Russian pundits continued to comment on Bush's victory. Ekspertiza foundation head Mark Urnov told "Gazeta" on 4 November that "practice shows that U.S. presidents treat our country far more benevolently during their second terms." Politika foundation President Vyacheslav Nikonov told "Kommersant-Daily" on 4 November: "During his second term as president, Bush will not interfere in our affairs, especially as Russia is becoming increasingly important for the United States. I think that Bush will have put a 'plus' mark next to Putin's name for his support." "Stability is very important for us and in this respect Bush suits us," Russian Union of Entrepreneurs and Industrialists President Arkadii Volskii told the daily. "We have been conducting a business dialog pretty successfully for four years."
Most Russian experts argued that a victory for U.S. Senator John Kerry in the 2 November election would have meant increased U.S. scrutiny of Russia's domestic policies. Expertiza head Urnov told "Gazeta" that Kerry "would have certainly displayed the Democrats' characteristic concern about human rights and democracy. His administration would have harshly criticized Russia over Chechnya, over the Yukos affair, for curtailing federalism and drifting back into authoritarianism. Bush, the Republican, is fairly indifferent to this."
Former Russian Ambassador to the United States Yulii Vorontsev told "Kommersant-Daily" on 4 November that "the Republicans will continue to exert an influence on Russia but will not be interested in human rights in Chechnya or the absence of democratic reforms. The Democrats would have leaned harder on Russia."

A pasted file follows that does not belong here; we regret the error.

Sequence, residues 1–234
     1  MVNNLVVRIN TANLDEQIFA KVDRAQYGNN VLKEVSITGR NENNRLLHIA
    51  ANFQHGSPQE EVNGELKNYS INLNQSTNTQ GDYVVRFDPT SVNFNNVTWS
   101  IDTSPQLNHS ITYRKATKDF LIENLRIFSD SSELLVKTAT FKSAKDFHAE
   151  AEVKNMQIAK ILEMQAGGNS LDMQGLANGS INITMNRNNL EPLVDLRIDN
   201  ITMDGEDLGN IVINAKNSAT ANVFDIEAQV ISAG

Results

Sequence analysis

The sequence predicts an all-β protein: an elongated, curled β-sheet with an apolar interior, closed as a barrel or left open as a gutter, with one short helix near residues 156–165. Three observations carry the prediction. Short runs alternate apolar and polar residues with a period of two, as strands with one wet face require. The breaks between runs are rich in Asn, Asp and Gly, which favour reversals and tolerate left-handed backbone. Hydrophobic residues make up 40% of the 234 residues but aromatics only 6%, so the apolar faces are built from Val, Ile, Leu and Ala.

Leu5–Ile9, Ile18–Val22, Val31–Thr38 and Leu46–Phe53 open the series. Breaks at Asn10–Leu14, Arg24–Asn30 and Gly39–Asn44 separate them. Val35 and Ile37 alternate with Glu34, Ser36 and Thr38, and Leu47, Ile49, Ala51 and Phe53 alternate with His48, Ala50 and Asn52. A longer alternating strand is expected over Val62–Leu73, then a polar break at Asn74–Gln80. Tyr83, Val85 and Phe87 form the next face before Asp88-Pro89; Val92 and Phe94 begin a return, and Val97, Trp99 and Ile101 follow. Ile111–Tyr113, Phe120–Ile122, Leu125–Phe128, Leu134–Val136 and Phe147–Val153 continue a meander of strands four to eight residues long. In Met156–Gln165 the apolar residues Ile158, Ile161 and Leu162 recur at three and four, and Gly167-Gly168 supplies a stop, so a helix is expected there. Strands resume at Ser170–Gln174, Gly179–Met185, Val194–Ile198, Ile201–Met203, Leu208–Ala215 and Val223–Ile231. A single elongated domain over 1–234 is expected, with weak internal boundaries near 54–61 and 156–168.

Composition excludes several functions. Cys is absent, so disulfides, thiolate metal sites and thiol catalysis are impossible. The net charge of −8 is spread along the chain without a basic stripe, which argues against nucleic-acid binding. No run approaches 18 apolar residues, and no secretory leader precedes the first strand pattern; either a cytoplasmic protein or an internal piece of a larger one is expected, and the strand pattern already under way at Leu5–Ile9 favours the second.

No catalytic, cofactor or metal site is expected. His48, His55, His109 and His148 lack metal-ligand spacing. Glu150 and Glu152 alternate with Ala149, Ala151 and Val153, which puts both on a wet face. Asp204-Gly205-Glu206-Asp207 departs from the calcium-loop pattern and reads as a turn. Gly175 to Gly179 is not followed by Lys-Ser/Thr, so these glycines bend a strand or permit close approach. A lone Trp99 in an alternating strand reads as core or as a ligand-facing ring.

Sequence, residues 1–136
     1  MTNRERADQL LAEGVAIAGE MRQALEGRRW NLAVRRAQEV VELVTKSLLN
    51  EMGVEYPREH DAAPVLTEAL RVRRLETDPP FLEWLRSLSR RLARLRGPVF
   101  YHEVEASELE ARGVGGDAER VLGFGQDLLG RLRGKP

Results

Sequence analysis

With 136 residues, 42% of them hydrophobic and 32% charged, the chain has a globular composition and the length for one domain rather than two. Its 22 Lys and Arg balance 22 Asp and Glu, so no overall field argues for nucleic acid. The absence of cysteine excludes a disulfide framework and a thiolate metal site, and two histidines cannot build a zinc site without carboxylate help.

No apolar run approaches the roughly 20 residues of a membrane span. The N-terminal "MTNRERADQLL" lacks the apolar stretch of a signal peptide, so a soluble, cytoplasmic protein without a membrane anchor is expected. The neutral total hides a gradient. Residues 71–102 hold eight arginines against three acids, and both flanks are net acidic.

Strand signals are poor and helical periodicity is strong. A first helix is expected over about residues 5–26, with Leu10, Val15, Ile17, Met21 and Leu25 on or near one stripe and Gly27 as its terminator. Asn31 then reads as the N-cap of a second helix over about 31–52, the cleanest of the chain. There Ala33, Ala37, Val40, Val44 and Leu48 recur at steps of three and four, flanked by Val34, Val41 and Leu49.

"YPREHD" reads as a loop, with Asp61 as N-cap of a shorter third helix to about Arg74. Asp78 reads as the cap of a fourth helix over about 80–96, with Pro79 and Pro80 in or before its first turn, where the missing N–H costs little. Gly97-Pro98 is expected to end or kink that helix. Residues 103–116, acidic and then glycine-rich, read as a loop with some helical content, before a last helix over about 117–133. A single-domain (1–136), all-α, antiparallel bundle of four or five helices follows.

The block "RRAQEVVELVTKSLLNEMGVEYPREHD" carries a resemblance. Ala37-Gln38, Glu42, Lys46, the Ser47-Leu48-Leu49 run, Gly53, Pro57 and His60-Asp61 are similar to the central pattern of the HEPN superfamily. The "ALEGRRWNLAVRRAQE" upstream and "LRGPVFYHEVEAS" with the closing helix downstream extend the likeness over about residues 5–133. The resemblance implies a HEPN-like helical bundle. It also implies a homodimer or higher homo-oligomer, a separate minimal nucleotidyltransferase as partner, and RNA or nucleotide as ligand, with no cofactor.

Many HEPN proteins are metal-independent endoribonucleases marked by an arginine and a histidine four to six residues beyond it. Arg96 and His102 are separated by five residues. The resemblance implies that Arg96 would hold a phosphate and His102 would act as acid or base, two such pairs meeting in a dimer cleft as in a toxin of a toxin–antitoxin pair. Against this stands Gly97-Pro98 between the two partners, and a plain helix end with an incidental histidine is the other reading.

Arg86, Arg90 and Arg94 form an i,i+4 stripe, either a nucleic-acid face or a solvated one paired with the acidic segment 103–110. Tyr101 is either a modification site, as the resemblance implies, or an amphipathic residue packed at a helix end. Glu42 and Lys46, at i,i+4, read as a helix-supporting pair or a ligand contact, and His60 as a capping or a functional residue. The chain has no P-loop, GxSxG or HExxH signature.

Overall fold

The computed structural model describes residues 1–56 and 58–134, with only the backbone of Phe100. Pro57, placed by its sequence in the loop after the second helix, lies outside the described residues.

"The Republicans' anti-liberal fever has already drastically changed the political atmosphere in America," political scientist Aleksei Bogaturov wrote in "Nezavisimaya gazeta" on 4 November. "Now it will increasingly spill beyond its borders and stimulate similar trends everywhere, including Russia. Figuratively speaking, Russian liberals suffered just as heavy a defeat as American liberals did on 2 November and there is no particular reason to rejoice in this."
Sergei Rogov, head of the Institute of the U.S.A. and Canada, said on 4 November that he does not believe the United States will ask Russia to send troops to Iraq now that U.S. President Bush has won a second term, Interfax reported. "It doesn't appear likely to me that the Americans would wish to see a Russian division somewhere in Tikrit or Mosul," Rogov said. He added that Iraq is "central to the policy of the Bush administration" and that "it is in the interests of Washington that Russia should not raise any obstacle to U.S. political actions in Iraq."
Ekspertiza head Urnov told "Gazeta" on 4 November that "the United States will be seeking new allies for finding a way out of the Iraq crisis." "A sobering-up period is starting for that section of the American elite who used to get carried away at the thought that the United States was all-powerful," Urnov said.
Meanwhile, Russian election observers who were part of an OSCE team monitoring the 2 November presidential election in the United States reported on 4 November that they observed "numerous shortcomings" in the poll, including violations of the United States' "already imperfect legislation," ITAR-TASS reported. "There were instance of voters who cast their votes electronically for one candidate finding, during spot checks mandated by law, that their votes had been awarded to another candidate," the observers reported.
The observers also noted voter-registration problems in Oregon, Nevada, and Pennsylvania. They also complained that observers from the Russian Embassy "were not allowed to act as observers in Connecticut, West Virginia, and Pennsylvania." They concluded that the flaws in the U.S. election process "could result in violations of voters' rights and a distortion of the results of voting."[For reaction from around the world to the U.S. presidential election, see RFE/RL's webpage "World Reacts To U.S. Election".]